Rosita Curry is a remarkable young woman. As she walked across a Columbus, Ohio, stage to receive her high school diploma, she did so with her head held high as her class valedictorian. But just 15 months prior, Rosita was trapped in a life of slavery and abuse. Rosita's walk across that stage really began six years ago, when she was just thirteen. Her parents had died several years earlier, and she had become separated from her two brothers. Finally old enough to track down her family, she began searching for them on the streets of Columbus, Ohio. But instead of meeting them, she met an older man who bought her food, offered her a place to stay, and claimed he cared for her. Then he began to pimp her out.
While her peers were playing sports and getting excited about proms, Rosita spent her teen years addicted to drugs, sleeping in cardboard boxes, and being raped, abused, and forced to have sex by pimps and the men who paid for her. She was a victim of child sex trafficking, trapped by addiction, pimp control, and a lack of other options in life. Her life had spiraled out of control, until one rainy night, she was arrested for offering to give an undercover police officer oral sex for for $20.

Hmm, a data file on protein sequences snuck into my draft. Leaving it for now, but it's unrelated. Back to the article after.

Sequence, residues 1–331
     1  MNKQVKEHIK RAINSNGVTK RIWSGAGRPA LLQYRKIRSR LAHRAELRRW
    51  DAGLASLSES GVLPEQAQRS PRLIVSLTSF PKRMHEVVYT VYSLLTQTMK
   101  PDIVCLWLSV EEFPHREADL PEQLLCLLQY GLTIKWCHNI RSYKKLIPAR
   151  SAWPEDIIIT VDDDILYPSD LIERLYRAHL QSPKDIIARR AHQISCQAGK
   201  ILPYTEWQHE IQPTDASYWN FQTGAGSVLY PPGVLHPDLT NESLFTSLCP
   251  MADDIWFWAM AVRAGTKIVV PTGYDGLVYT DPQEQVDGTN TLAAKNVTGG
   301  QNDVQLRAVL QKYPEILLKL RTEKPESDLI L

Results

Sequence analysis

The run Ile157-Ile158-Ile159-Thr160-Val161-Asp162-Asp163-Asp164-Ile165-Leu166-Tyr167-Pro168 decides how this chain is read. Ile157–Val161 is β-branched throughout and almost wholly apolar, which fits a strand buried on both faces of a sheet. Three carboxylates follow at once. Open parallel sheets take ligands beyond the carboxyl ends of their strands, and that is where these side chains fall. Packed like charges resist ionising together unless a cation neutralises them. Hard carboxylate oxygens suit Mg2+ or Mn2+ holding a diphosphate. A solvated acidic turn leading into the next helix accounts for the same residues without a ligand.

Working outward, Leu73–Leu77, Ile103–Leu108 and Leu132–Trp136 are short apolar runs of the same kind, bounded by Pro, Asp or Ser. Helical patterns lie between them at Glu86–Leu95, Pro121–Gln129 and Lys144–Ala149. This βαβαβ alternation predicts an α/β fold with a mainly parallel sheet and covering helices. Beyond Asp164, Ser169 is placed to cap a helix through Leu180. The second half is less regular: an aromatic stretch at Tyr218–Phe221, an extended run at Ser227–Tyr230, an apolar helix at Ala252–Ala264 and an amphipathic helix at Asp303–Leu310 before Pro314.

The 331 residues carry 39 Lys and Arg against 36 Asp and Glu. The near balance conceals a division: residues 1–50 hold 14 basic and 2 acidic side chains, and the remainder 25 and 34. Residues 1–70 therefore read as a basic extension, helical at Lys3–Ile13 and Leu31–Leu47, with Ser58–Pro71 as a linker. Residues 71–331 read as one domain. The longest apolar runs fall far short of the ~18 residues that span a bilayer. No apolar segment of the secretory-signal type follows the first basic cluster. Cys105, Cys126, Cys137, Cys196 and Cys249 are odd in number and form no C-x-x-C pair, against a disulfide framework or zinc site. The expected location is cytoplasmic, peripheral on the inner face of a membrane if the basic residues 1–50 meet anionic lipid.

Ironically, the arrest was Rosita's chance for salvation. That's because the Columbus police were able to identify her as a victim of human trafficking and set her up with social services, instead of jail time. The arresting officer called Rahab's Hideaway, a small local shelter for human-trafficking victims. Marlene Carson, the founder, met with Rosita to talk about her experiences. She set Rosita up with a place to live, got her enrolled in drug rehab, and encouraged her to enroll in a special high school for teens who have dropped out of school. With a lot of hard work, Rosita achieved something almost unthinkable 15 months prior — a high school diploma and the highest grade point average in the class.
Rosita Curry's story is one of tremendous personal triumph. But it's also one of hope for all child trafficking victims. When trafficking victims are identified as such and given help to overcome their enslavement, they can do much more than just survive after slavery. They can thrive after it.
Congratulations, Rosita, on your well-earned accomplishment.